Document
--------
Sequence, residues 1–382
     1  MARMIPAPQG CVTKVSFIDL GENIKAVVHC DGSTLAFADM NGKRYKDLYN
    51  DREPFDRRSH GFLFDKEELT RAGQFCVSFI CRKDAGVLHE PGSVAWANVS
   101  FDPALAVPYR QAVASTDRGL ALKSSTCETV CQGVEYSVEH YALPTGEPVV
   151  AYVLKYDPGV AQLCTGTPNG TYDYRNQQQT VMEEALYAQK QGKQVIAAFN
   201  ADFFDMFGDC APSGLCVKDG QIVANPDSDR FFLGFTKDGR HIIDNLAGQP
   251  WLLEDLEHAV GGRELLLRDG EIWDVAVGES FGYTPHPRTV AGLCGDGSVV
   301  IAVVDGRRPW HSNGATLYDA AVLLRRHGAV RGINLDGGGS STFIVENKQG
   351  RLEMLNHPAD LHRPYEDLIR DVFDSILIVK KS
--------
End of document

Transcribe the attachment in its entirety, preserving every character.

Sequence, residues 1–382
     1  MARMIPAPQG CVTKVSFIDL GENIKAVVHC DGSTLAFADM NGKRYKDLYN
    51  DREPFDRRSH GFLFDKEELT RAGQFCVSFI CRKDAGVLHE PGSVAWANVS
   101  FDPALAVPYR QAVASTDRGL ALKSSTCETV CQGVEYSVEH YALPTGEPVV
   151  AYVLKYDPGV AQLCTGTPNG TYDYRNQQQT VMEEALYAQK QGKQVIAAFN
   201  ADFFDMFGDC APSGLCVKDG QIVANPDSDR FFLGFTKDGR HIIDNLAGQP
   251  WLLEDLEHAV GGRELLLRDG EIWDVAVGES FGYTPHPRTV AGLCGDGSVV
   301  IAVVDGRRPW HSNGATLYDA AVLLRRHGAV RGINLDGGGS STFIVENKQG
   351  RLEMLNHPAD LHRPYEDLIR DVFDSILIVK KS